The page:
If the upward trend of visitors continues, federal land managers could implement a permit system to float the upper end of the North Fork of the Flathead River, Hungry Horse-Glacier View district ranger Rob Davies reiterated during a meeting with locals July 10.
Davies said the Forest Service will be releasing the proposed action for the new Comprehensive River Management Plan for the Wild and Scenic forks of the Flathead River in the next few days.
He told attendees at the North Fork Interlocal meeting that land managers would propose a permit system for the scenic portion of the river, which runs from the Canadian border to the Camas bridge if certain crowding thresholds are met.
The Forest Service and Park Service measure river use by the number of craft that float by on a given day.
The North Fork is bulging at the seams with visitors.
Glacier National Park ranger Regi Altop told the crowd that the daily average number of rafters in the summer months was 118 to 271 rafts per day, depending on the launch site, with the highest use from 10 a.m. to 2 p.m.
Jurisdiction of the river is split — half is in Glacier National Park, the other half is largely Forest Service.
Car traffic in the North Fork is way up, too. The Polebridge entrance sees 250 cars a day, Altop said. Last year, 5,000 cars went to Kintla Lake during the summer months on an unimproved rutted dirt road.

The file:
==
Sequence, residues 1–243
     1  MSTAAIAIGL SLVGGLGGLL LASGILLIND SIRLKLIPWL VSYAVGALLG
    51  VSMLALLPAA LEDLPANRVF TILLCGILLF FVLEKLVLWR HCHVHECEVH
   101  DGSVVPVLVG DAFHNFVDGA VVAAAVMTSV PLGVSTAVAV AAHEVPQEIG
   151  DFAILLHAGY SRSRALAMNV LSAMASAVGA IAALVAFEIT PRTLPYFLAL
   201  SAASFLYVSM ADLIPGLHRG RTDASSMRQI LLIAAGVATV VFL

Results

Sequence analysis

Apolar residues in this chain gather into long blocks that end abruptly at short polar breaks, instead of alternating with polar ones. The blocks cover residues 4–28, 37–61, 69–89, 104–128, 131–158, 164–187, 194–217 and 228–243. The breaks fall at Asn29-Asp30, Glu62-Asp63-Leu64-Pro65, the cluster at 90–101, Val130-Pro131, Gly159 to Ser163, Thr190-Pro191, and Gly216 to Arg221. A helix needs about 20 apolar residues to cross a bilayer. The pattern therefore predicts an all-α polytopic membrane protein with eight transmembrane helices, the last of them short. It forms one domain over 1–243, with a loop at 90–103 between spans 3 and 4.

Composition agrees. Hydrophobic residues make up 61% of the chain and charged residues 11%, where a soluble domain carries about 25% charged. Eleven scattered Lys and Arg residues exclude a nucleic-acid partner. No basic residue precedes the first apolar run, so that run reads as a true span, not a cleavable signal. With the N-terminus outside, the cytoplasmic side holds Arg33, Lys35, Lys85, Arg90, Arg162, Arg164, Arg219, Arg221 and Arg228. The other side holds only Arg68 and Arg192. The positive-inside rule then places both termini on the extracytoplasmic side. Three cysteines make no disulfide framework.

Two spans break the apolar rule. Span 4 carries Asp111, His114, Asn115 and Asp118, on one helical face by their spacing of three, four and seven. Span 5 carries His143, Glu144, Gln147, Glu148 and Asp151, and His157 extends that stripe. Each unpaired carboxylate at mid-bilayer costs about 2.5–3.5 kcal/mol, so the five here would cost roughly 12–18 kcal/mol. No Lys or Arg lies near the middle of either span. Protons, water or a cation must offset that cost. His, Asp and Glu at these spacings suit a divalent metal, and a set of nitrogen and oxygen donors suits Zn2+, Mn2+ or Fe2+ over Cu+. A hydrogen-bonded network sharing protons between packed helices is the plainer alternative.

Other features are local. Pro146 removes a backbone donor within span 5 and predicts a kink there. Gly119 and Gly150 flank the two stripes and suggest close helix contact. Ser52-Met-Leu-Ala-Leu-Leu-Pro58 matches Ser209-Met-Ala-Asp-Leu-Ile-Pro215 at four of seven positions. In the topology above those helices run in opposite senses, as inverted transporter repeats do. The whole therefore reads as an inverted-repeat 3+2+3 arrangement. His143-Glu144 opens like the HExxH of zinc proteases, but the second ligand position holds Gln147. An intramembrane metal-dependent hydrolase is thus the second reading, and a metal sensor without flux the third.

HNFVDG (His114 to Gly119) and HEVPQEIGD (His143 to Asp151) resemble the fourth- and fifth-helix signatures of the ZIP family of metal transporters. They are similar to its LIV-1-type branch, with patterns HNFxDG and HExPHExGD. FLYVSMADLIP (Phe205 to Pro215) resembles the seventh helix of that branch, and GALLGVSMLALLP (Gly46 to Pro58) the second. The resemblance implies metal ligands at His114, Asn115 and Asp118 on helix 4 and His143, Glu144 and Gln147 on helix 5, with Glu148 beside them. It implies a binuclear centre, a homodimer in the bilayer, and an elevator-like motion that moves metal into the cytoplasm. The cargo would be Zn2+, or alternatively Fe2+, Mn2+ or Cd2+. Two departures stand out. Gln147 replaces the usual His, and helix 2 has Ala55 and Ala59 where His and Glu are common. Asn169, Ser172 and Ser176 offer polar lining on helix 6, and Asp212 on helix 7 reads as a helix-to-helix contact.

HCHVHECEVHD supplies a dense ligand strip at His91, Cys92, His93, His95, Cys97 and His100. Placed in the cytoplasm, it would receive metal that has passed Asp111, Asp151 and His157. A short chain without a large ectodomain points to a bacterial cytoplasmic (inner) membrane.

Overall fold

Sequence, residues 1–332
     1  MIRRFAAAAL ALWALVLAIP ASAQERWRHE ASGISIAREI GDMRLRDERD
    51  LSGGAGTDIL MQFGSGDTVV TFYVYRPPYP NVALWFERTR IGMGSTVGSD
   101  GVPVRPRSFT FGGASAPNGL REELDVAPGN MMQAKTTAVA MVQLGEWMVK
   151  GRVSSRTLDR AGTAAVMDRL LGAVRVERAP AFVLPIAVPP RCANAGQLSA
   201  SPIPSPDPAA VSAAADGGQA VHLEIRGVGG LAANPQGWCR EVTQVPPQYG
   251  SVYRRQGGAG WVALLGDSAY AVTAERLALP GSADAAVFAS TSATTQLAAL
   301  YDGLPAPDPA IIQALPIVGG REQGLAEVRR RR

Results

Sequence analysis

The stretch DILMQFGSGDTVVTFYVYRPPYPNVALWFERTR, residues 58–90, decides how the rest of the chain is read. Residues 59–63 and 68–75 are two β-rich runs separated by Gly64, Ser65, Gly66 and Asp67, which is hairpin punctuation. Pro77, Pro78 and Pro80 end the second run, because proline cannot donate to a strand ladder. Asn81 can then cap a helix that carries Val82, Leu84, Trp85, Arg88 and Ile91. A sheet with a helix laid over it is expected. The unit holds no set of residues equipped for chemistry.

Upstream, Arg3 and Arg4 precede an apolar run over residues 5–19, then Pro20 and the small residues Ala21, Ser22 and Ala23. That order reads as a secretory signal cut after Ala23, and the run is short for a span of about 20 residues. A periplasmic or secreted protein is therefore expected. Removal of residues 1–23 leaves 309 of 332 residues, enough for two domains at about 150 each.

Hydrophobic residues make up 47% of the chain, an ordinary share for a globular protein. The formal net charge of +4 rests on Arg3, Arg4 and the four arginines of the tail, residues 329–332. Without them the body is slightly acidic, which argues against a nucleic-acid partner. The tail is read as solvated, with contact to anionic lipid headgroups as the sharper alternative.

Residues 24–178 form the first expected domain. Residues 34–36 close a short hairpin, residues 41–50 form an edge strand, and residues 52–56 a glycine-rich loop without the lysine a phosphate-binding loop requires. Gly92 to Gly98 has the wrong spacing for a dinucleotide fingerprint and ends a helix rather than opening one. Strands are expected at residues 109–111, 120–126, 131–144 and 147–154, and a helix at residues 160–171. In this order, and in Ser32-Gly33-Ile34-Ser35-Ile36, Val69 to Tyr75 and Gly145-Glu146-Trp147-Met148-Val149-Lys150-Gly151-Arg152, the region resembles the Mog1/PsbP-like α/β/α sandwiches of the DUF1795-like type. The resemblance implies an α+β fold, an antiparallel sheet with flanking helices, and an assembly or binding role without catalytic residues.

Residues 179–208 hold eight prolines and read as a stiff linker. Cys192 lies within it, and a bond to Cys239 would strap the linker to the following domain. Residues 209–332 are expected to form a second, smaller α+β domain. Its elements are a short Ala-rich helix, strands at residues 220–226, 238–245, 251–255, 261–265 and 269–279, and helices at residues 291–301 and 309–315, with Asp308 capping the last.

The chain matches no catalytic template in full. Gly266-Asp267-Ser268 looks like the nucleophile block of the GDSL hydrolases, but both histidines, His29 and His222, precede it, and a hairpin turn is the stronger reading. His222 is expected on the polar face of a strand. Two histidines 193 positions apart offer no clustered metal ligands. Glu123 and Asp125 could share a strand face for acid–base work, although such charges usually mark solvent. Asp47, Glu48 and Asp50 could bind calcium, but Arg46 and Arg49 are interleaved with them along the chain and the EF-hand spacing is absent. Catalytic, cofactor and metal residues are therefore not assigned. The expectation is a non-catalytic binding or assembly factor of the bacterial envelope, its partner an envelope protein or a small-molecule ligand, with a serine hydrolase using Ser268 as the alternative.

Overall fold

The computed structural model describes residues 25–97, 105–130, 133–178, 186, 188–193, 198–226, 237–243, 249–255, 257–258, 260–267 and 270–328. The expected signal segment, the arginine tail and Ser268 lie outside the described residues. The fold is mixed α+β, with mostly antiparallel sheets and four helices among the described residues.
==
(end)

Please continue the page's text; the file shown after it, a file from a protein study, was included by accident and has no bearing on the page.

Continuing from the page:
Last year, the park implemented a 21-foot maximum length on Bowman and Kintla Lake roads. That length limit includes a trailer, which means that most towed units, save for some short campers on short cars, are now prohibited.
Davies was hesitant to get into details on the overall river plan, saying he wanted people to read the full text of the proposed action before coming to conclusions. A pair of public meetings on the action will be held in early August.
This is not the first time the Forest Service has said it’s considering a permit system for parts of the North Fork. The subject was also broached at an earlier Interlocal meeting.
The River Management Plan will set usage parameters on all 219 miles of the Flathead’s Wild and Scenic sections, which includes the North, South and Middle Forks.
Different sections of the rivers have different classifications under the Wild and Scenic Rivers Act. For example, the South and Middle forks in the wilderness boundary are considered wild.
Sections where there is more development, such as roads, are classified as recreational.
The upper North Fork is considered scenic and river managers want to keep it that way, meaning it will be managed in a semi-primitive state, Davies noted. That means bathrooms only at launch sites and other regulations, like prohibiting loud music on rafts and banning personal use of drones.
Some North Forkers want bathrooms placed at stopping points like Sondreson Meadow, but under the proposed action, that won’t happen.